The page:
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The Relationship between Success and Credibility (Part 4)

Today I want to conclude by further emphasizing the respect I give to those sharing losing trades.

Gloria Loring taught us that we cannot have the good without the bad so I see little point in trying to overlook the losers. I believe I have at least as much to learn from the losers as I do the winners because the former can deliver me to Ruin.

When people suffer catastrophic loss, they tend to go quietly into the night. Maybe this is in hopes of preserving a positive self-concept or minimizing damage to personal reputation. A sense of shame may also play a role. Sharing failure with others could prevent the rest of us from repeating similar mistakes but Schadenfreude is a coping mechanism too.

On a smaller scale, this phenomenon of “going quietly into the night” seems to happen with regard to any losing trade.

As discussed last time, a great way to improve as traders is to understand mistakes we are most likely to make. These include mistakes made by others. I would prefer to hear a presentation on losing rather than winning trades because the latter, in my opinion, is more likely to be contaminated with self-promoting conflicts of interest.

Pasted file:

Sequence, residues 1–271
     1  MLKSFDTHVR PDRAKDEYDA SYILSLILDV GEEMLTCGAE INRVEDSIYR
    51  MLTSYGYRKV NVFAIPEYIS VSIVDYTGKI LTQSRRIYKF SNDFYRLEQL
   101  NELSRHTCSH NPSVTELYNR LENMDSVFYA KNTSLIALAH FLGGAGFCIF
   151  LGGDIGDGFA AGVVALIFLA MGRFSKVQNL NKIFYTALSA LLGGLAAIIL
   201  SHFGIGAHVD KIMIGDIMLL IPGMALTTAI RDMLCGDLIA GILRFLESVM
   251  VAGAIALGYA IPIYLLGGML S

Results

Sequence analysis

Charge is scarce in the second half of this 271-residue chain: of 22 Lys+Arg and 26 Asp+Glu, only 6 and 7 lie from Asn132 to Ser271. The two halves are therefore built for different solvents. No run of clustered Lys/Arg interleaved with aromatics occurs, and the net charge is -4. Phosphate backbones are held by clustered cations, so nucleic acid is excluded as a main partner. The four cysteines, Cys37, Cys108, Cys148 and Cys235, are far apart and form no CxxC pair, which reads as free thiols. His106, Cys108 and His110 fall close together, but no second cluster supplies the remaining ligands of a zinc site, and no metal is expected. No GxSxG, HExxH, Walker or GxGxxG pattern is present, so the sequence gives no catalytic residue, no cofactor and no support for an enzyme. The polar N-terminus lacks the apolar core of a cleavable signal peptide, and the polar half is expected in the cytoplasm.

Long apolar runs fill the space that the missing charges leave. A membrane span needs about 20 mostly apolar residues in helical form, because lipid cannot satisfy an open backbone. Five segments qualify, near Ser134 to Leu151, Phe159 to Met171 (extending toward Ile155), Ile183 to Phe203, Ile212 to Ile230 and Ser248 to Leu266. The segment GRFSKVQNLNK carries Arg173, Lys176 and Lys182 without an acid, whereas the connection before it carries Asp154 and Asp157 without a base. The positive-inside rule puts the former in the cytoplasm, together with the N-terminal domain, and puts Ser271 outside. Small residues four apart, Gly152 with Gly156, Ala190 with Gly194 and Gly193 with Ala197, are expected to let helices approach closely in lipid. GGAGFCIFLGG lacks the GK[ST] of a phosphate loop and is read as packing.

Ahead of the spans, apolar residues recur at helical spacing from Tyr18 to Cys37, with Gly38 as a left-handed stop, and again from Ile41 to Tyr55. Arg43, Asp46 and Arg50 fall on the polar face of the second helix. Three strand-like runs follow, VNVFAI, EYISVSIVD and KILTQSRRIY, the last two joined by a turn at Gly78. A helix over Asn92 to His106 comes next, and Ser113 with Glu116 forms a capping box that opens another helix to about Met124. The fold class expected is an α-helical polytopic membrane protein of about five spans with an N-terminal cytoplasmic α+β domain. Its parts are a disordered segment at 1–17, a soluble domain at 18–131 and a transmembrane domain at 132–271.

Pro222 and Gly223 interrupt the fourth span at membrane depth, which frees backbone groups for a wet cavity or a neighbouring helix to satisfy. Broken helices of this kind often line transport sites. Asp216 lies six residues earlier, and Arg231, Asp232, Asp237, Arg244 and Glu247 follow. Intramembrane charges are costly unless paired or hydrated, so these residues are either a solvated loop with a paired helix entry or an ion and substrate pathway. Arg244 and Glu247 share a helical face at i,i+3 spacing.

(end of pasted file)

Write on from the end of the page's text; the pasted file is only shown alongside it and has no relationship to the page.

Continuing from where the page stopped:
I have considered creating a seminar on “ways to save thousands in the financial markets.” In this program I would discuss financial frauds and shady practices that I have encountered during my years studying the financial/trading landscape. I definitely believe one key to long-term trading success is to avoid being derailed by the tempting offerings (e.g. black box systems, trading newsletters, trader education programs) professing mouthwatering performance numbers. These are more likely to rob you blind should you get suckered in.

Ironically, I decided not to move forward with this seminar idea is because I questioned whether the negative is marketable. People often don’t like to hear the negative. Even I prefer to focus on the positive but I had to grow up sometime and realize that it’s not all winning and roses out there. Losing is part of life and I believe I have much to learn from its lessons.

I have often thought that a string of early wins can be a curse for those new to trading. If they assume this early success to be representative of future win rate then they may increase position size too fast. This leaves them vulnerable to the possibility of catastrophic loss when Mr. Market decides to change his mind.

I once heard “that’s why it’s called trading, not winning.” Sometimes it takes time for the reality of losing to set in.

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